Trying to resurrect a dead Linksys WRT54GS router

September 1, 2014

I recently went through heroic efforts to bring a dead Linksys WRT54GS router back to life. These routers are great for Broadband Hamnet so I really wanted to get it working, but no dice.

But I don’t want to forget what I did, so I’m documenting it here.

Fix the hardware

The first problem was that the router made a strange buzzing sound. I opened the router and discovered that LX2 in particular, but also LX1 (two chokes at the power supply input) were actually vibrating when I put my finger on them. In addition, the capacitors near it were hot to the touch.

This was described in this post as an electrolytic capacitor problem. Sure enough, when I replaced CX2 with a new 220 uF 25 V electrolytic capacitor, the device settled down. At this point, the power LED was flashing (a bad sign) but at least it was now flashing at a regular speed. While I was soldering, I took the time to add a 12-pin header to the router’s JTAG port.

Reflash the Firmware

Following the unbrick article here, I wasn’t able to ping the router. No matter what, I’d get “destination host unreachable” – even though my IP was the same as the router, ostensibly. So I figured flashing was required.

I started out by trying to get a SEGGER J-Link talking to the JTAG port. I used the pinouts for the WRT54G described here for the WRT54GS, and the pinouts for the J-Link described here. Note that RESET on the J-Link is nSRST on the WRT54GS.

After I’d done that, I wasn’t able to get the J-Link talking. It looks as if the J-Link software wants to talk only to devices it knows about – or at least, that’s all I could figure out about it. Trying to set it to MIPS mode to impersonate EJTAG didn’t yield any success either.

So it was time for a different option. I didn’t have a parallel port handy, but I did have a Raspberry Pi. And a wonderful individual has taken the time to port tjtag to the Raspberry Pi. I cloned the Git repo to my Pi and built it. I had to use:

git clone git://

to grab the Git repo, since https wants an auth key and I don’t have one. After that I followed the Setup instructions and got tjtag built.

I connected things up as described in the wiring diagram, and had success! I was able to probe the router. (I had to run sudo ./tjtag -probeonly instead of just ./tjtag.)

Then I went off to the tjtag instructions here. The first few times I did:

sudo ./tjtag -backup:cfe

I got different results. It appears that tjtag on the Pi spends so much time sending output to the console that it messes up its timing. So I redirected the output to /dev/null, and after that I got consistent backups.

Once I had an nvram backup, I tried erasing the nvram:

sudo ./tjtag -erase:nvram

This worked, but didn’t solve my problem. So I thought I might have had a corrupted CFE. I located the CFE for my router here and modified it to have my IP addresses using imgtool_nvram. I used the following command:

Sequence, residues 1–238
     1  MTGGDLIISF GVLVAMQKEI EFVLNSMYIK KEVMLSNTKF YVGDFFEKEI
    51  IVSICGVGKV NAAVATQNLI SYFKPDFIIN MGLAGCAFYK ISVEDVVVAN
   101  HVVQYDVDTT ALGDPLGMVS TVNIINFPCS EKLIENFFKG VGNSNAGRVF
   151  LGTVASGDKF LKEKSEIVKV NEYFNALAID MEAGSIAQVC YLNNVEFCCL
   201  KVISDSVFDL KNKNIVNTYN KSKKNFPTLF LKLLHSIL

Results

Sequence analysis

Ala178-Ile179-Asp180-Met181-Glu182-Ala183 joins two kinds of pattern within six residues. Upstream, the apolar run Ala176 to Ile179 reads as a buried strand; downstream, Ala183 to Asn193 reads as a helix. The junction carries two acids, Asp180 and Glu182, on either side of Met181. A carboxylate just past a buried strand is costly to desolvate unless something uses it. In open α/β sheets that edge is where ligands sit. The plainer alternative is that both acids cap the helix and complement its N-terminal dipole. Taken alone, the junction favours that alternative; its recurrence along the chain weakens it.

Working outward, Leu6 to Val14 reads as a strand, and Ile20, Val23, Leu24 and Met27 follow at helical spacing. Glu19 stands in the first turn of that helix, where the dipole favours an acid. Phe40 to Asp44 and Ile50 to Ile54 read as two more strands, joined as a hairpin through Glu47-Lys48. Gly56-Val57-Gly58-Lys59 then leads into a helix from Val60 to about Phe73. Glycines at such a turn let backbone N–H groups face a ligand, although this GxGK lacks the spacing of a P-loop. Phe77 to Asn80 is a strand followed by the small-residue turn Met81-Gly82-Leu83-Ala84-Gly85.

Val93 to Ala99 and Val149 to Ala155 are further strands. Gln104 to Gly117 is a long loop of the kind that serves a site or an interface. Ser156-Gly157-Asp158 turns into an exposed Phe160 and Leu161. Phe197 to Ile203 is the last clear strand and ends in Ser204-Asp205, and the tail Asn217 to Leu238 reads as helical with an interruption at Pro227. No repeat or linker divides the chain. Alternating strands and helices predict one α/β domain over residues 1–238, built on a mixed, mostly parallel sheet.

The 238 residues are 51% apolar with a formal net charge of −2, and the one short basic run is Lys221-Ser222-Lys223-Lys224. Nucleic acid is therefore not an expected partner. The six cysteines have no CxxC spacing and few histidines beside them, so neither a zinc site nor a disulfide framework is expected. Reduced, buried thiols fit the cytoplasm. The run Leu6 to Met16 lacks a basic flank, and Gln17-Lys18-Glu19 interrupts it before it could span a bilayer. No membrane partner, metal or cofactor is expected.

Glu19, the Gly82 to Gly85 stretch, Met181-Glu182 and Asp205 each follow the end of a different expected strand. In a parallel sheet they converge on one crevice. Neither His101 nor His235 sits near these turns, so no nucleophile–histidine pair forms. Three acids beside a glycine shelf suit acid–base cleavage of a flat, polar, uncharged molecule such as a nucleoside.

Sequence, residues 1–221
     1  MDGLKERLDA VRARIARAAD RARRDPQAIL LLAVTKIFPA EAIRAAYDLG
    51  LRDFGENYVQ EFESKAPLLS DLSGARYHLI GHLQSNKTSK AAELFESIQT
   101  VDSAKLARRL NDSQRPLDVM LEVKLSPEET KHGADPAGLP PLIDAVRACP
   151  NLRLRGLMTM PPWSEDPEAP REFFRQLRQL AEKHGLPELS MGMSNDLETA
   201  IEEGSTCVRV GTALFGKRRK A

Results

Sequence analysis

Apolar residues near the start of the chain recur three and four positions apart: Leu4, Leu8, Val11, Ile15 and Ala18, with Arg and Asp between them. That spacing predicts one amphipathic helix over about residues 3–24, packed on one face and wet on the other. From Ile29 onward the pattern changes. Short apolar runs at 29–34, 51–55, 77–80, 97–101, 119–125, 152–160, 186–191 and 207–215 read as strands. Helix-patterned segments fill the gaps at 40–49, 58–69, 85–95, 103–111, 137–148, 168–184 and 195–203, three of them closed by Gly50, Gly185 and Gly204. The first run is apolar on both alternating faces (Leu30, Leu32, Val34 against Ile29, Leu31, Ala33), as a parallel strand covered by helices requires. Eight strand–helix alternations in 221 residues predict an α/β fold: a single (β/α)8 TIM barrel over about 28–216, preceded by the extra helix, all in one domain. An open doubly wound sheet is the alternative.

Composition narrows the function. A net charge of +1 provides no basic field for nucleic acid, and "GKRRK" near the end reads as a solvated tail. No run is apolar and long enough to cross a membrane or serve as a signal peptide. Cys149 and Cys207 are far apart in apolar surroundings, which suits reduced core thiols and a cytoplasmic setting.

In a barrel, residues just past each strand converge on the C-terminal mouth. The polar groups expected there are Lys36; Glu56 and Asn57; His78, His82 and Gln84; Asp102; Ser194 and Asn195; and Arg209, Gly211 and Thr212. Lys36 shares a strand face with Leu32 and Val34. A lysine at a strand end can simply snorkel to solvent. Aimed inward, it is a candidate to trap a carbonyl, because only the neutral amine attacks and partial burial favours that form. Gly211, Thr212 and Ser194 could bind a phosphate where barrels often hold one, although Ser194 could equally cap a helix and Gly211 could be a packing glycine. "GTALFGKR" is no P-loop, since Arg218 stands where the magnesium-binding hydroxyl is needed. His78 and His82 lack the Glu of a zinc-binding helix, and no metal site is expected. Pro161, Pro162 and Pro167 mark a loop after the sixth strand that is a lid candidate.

imgtool_nvram.exe wrt54gs1.0-CFE.
BIN et0macaddr=00:11:22:33:44:55 il0macaddr=00:11:22:33:44:56

(substituting my real MAC address and one higher than it.) Then I dumped that back on the Pi as CFE.BIN, and did:

sudo ./tjtag -flash:cfe > /tmp/out

That worked, but still no joy in Mudville after I did the flash. No matter what, when I pinged I got destination unreachable. I wondered if it was Windows messing with me, so I booted to Kali to see what happened there. Still no dice.

Finally, I thought it might be a bad kernel, so I nuked it:

sudo ./tjtag -erase:kernel

Even with that, the router’s still not responding. Other than re-reflashing the CFE on the assumption that the bad kernel corrupted it, I’m out of ideas.

Drat, I thought I had it when I saw the instructions about setting the address with arp. (arp -s aa-bb-cc-dd-ee-ff if you’re on Windows.) But even when I did that (using the MAC address that I flashed), I still had nothing. I even stuffed Wireshark on the end to listen for any packets. He’s dead, Jim.


Connecting to HSMM-Mesh and the Internet from a laptop

August 3, 2013

Note: This page does not discuss connecting HSMM mesh to the Internet. It’s just about talking to the mesh and the Internet from the same client device.

I’ve been playing with hsmm-mesh lately on my laptop. Up until now, when I’ve done this I could either view the HSMM mesh or the Internet, but not both. There were a couple of reasons:

1. My routing tables didn’t know how to direct traffic to the HSMM mesh network.

To solve this, I needed to tell the laptop to send traffic in the 10.*.*.* range to the HSMM mesh rather than to the default gateway:

ip route add via dev eth0

2. I had to make sure things were resolving right for DNS (in my /etc/resolv.conf):


DNS is still a bit of an issue. resolves anything in *, so my local network is never found. But at least I can browse the web and HSMM.